Our “Water is the Lifeline of Life” Global Initiative was created to expand access to clean and safe drinking water for children and their families in developing countries as well as teaching health, hygiene and sanitation practices (WASH).
- In the world, a child dies every 20 seconds from a water-related disease (2006 United Nations Human Development Report)
- Dirty water kills more children than AIDS, malaria & measles combined.
- Diarrhea remains the second leading cause of death among children; nearly one in five child deaths. (UNICEF, World Health Organization 2009)
- The majority of families and schools in the villages must boil their drinking water to try to limit diarrheal diseases and debilitating, life-threatening illnesses – especially for the children.
- Additionally, about 80% of Tanzanians live in rural communities and so women and children travel up to 10 miles round-trip to haul buckets of the same river water that is used to wash clothes and water their livestock. Although these rivers are vital to the existence of their communities, they are also a source of disease and sickness.
GSP works at the ground level and has created a sustainable business model that has earned community support. GSP’s novel strategy worked – we ensured that the filters would take firm hold in the schools and GSP has installed 680 Hydraid Biosand Filters in primary and secondary schools, households, orphanages, health dispensaries and a district hospital in Tanzania. Moreover, the community appreciates our efforts to focus on project implementation through using local sourcing, local contractors and vendors, supplies, and staffing, which puts money back into the local economy –generating additional community support.
Beyond schools and teachers, women are key to building buy-in from the community. GSP helps secure a livelihood for the women by reducing the burden of taking care of sick children and gathering water, working fewer days, and generating less revenue. “If the millions of women who haul water long distances had a faucet by their door, whole societies could be transformed.” (National Geographic April 2010)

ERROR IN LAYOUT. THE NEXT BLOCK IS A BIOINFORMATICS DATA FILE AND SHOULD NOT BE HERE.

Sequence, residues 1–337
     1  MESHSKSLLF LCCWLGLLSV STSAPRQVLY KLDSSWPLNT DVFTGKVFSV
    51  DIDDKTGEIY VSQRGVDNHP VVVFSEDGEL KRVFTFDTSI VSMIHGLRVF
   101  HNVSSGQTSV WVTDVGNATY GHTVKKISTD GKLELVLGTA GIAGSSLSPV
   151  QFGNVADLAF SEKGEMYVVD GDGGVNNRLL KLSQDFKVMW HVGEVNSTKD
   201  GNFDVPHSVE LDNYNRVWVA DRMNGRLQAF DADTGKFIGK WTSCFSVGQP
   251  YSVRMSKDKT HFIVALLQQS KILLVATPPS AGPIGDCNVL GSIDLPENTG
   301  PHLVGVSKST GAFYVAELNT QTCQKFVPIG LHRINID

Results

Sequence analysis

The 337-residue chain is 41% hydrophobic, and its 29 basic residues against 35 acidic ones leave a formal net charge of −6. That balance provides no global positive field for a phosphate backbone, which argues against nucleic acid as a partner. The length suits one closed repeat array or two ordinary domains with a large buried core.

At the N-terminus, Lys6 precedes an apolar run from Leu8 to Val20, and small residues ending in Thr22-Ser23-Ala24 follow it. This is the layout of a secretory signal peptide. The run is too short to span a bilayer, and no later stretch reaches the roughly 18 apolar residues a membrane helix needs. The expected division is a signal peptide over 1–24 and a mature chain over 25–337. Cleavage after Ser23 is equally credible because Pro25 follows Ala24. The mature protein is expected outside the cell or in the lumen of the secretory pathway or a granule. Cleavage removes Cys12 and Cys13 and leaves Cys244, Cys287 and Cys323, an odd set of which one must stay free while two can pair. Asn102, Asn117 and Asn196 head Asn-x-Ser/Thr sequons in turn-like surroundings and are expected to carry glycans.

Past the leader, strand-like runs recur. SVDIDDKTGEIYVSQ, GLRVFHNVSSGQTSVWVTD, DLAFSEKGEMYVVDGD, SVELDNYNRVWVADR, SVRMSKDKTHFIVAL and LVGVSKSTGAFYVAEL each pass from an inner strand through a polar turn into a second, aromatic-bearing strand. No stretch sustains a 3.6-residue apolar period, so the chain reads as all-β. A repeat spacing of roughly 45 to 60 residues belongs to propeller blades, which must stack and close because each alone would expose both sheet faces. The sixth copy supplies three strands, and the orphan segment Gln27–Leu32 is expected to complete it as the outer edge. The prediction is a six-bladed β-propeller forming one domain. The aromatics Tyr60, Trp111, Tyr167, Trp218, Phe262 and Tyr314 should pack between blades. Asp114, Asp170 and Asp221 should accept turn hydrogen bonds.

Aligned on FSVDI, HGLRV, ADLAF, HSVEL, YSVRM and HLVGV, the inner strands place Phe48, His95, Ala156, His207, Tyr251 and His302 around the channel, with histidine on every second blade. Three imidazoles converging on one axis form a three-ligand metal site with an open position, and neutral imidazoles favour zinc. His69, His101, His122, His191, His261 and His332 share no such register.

In addition, GSP has created a built-in workforce (e.g. teachers, clinic personnel, and community members) who live beside the beneficiaries, are leaders in their respective communities, and serve as our Master Trainers for our community partners. We have local staff to oversee the project, conduct follow-up evaluations, and provide recommendations for continuous improvement. GSP uses their anchor facilities (that already have filters) as their training facility for each village.
In 2019 GSP unveiled new innovative cutting-edge clean water technology: The Sawyer and the Uzima Water Filter Systems and donated and installed 200 filters to the most vulnerable communities (e.g. people living with HIV, the Elderly, disabled and seniors). These filters streamline the filtration process by eliminating 100 lbs. of sand and 20 lbs. of gravel that was used to filtrate the Hydraid biosand filter. GSP also promotes critical health, hygiene and sanitation practices, which has helped communities move beyond crisis intervention through education and training, promoting sustainable solutions as it relates to creating healthier communities, humanitarian assistance, emergency and disaster relief.